Stewart.jpg

Whoops!

These early triumphs gave way to a long, hard slog. Vaccines against HIV, tuberculosis, herpes, staphylococci, and hepatitis C, among others, have proven far more elusive. Amid small successes, and spectacular failures, we have discovered an uncomfortable fact: we don't really know what makes a good vaccine tick. 

This week I was glad to contribute both heat and noise to the mix. In an op-ed in the Health Affairs blog, I write about the dangers of dogmatism and the lessons learned on the road to a new HIV vaccine. And, we also published preclinical data this week on a new scalable version of our tuberculosis vaccine. Data from our Phase 1 trial of the same vaccine should come out soon!

Who knows if all this will lead to glory. Probably not! Either way, it's been a pleasure to try. 

VeryIntense.jpb
Posted on December 21, 2016 .

Lessons learned from a beatbox heart

Jimmy’s mother cries in the corner. She holds her hands up and open, the way you might receive a baby.  Or, the way you indicate helplessness when your baby is now addicted to heroin and shivering in a hospital bed.

Jimmy’s heart is failing.  Antibiotics alone will fail him.  Soon a surgeon will open Jimmy’s chest, cut out his heart valve, and sew in a new one.  I say this as gently as I can.

Standing with a medical student beside me, I try to teach about the physical exam. About compassion. About how to respond when a young man who hasn't opened his eyes for minutes suddenly does, and says something frightening. 

Check out my new essay at ReflectMedEd for more.

Posted on December 6, 2016 .

World AIDS Day 2016

As World AIDS Day approaches on Thursday, there is so much to be thankful for, and so much work yet undone.

People with HIV on effective treatment live as long as those without HIV, and almost never transmit HIV to their seronegative partners. Pre-exposure prophylaxis (PrEP) is safe and it works, and through it and other means of prevention we are slowing the epidemic, bit by bit. This fall a new vaccine aiming to build on the RV144 success story began testing in South Africa.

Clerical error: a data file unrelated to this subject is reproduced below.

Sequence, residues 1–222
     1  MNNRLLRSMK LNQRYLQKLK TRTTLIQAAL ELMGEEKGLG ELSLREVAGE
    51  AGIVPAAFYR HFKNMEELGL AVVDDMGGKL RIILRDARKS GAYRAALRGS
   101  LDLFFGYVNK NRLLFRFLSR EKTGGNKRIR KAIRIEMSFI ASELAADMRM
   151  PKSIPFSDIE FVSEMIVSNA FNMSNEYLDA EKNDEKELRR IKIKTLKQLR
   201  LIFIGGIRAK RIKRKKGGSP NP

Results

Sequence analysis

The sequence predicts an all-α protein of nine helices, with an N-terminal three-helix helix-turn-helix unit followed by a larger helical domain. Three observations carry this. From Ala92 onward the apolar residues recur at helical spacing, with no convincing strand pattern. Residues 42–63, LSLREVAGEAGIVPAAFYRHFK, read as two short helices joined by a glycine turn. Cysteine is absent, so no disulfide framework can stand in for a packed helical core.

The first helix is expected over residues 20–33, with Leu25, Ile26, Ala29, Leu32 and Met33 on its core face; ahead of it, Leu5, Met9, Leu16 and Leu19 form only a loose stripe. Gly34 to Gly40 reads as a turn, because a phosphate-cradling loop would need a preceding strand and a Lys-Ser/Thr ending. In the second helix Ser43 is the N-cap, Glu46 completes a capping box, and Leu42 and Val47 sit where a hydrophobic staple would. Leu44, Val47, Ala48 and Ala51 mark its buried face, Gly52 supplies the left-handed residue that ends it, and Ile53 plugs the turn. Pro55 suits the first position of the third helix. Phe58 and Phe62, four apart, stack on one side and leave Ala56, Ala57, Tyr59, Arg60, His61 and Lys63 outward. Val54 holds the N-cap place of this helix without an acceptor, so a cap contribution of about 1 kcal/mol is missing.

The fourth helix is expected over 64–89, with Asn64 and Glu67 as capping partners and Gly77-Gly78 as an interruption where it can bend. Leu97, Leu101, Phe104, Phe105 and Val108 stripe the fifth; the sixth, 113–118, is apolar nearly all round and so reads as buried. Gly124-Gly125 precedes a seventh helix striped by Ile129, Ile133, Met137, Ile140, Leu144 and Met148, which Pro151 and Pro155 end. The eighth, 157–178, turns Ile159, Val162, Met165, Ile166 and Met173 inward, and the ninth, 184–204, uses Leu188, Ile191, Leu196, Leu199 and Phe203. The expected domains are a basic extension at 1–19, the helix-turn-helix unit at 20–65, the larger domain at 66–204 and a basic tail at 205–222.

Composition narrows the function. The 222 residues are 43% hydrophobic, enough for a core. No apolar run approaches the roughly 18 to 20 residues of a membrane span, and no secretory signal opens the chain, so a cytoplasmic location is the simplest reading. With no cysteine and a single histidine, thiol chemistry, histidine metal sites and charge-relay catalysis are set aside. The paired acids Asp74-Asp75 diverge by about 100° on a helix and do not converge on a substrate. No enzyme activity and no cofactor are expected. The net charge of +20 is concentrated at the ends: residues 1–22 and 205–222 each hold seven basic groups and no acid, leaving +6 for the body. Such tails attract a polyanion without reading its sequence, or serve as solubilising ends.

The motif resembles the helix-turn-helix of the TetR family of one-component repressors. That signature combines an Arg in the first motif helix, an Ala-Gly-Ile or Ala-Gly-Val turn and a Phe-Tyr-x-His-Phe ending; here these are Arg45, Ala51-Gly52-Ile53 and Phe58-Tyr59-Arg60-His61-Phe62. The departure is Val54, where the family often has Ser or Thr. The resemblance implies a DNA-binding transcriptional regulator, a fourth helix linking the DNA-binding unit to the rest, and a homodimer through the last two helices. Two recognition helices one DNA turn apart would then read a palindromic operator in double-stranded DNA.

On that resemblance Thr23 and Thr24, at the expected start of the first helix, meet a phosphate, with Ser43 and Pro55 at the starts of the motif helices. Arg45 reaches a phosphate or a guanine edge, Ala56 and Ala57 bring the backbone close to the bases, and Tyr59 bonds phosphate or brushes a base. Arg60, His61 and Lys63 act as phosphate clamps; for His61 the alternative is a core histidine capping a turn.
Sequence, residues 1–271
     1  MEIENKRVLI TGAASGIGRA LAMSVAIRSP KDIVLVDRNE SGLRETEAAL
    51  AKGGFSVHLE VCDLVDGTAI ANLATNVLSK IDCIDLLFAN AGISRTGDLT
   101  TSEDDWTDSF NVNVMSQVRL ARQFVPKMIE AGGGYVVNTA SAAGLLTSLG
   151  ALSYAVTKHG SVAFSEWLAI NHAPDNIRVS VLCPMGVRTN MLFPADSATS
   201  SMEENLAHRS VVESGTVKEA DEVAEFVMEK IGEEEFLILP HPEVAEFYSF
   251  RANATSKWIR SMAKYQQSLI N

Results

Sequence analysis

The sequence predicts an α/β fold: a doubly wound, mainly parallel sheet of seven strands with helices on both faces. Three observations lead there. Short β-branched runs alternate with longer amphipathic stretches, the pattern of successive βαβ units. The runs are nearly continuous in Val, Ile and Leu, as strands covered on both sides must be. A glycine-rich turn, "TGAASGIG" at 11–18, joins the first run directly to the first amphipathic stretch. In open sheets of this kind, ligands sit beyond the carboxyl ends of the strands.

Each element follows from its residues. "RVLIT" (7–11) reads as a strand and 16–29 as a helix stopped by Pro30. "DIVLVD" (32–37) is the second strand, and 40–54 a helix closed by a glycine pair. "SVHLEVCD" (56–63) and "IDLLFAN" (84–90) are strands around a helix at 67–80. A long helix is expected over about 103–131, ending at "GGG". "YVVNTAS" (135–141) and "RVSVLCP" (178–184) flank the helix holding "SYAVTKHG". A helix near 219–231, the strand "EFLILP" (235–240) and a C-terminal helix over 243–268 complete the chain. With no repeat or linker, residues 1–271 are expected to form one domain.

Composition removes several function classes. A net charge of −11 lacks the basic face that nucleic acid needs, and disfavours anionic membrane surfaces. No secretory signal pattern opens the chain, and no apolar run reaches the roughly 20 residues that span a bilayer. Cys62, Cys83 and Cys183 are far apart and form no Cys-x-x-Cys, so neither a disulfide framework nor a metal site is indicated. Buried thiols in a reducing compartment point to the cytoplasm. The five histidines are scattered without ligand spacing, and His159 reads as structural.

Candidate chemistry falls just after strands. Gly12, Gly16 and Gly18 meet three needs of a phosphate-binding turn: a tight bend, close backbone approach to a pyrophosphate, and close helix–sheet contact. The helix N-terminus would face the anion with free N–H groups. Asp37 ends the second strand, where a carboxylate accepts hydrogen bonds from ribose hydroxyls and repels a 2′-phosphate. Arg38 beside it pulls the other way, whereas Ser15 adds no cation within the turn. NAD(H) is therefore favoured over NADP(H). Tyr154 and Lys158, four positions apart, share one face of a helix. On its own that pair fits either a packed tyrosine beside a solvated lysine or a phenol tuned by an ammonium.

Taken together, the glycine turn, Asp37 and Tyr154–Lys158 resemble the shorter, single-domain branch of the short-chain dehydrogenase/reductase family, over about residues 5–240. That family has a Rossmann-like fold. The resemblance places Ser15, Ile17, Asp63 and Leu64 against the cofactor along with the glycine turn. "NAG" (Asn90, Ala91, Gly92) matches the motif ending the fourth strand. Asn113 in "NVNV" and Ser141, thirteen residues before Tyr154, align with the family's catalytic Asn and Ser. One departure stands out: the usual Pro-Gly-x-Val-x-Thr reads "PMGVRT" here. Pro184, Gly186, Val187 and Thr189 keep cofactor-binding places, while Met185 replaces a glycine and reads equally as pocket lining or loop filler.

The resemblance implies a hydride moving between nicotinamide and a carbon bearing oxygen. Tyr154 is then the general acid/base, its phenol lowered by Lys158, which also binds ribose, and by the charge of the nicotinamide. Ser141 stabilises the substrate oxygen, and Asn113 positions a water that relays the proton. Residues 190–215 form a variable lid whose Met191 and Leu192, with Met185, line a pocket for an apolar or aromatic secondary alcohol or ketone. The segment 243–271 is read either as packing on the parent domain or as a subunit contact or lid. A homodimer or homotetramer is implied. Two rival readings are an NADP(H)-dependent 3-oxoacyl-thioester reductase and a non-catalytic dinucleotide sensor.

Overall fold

Despite those massive successes, 2 million more people are newly infected with HIV every year. Less than half of the world's HIV-positive population can access HIV therapy. In the United States, only 30 percent of people with HIV achieve the goal of full virological suppression on medications. A substantial fraction of people living with HIV don't know they are infected, and stigma is still a problem for people with HIV.

HIV is the defining health threat of our day. We have made real progress, but we cannot be complacent. It was a honor to discuss these issues and more for NHPR's Exchange radio show.

Posted on November 29, 2016 .

Wait for it

At 94, my patient V. was funny and flirtatious.  Her French accent made even the name of her life-threatening fungal infection sound poetic.

“DEE-seminated HEESTO-plasmo-sees,” she said, “Oaf the skin.”

I smiled.

I also admitted her to the hospital because our treatments were not working.  

What I did next, though, surprised both of us. To read more, check out my new article at the great blog Reflective MedEd.

Posted on September 18, 2016 .

Opioid contracts can backfire on patients

The US Senate recently passed legislation designed to address the nation’s opioid addiction epidemic, and President Obama is expected to sign it into law. Among other things, the bill promotes the use of opioid contracts. These are written agreements between doctors and patients about the conditions for prescribing opioids long term for chronic pain.

This is great news. It could also harm patients. My patient, Cindy was a perfect example.

To hear what happened, read my new article at The Boston Globe's new publication STAT.

Posted on July 26, 2016 .

Giving patients what they want, even if the doctor doesn't have the time

Doctors struggle to find the time to have in-depth conversations with their patients. Patients, in turn, don't share their end-of-life preferences with their doctors, which leaves them vulnerable to getting more aggressive care than they want. It also wastes a huge amount of money. 

In my new article, I confess a time I contributed to this problem, and point to a really exciting new solution. Harvard researchers, conducting a huge study across the state of Hawaii, have now proven a new way patients can get their wishes respected even if their doctor doesn't have as much time as they want. Online videos about end of life decisions. The videos are outstanding, and proven to work. Plus - bonus! - they saved the system money. 

It's win-win. Check it out!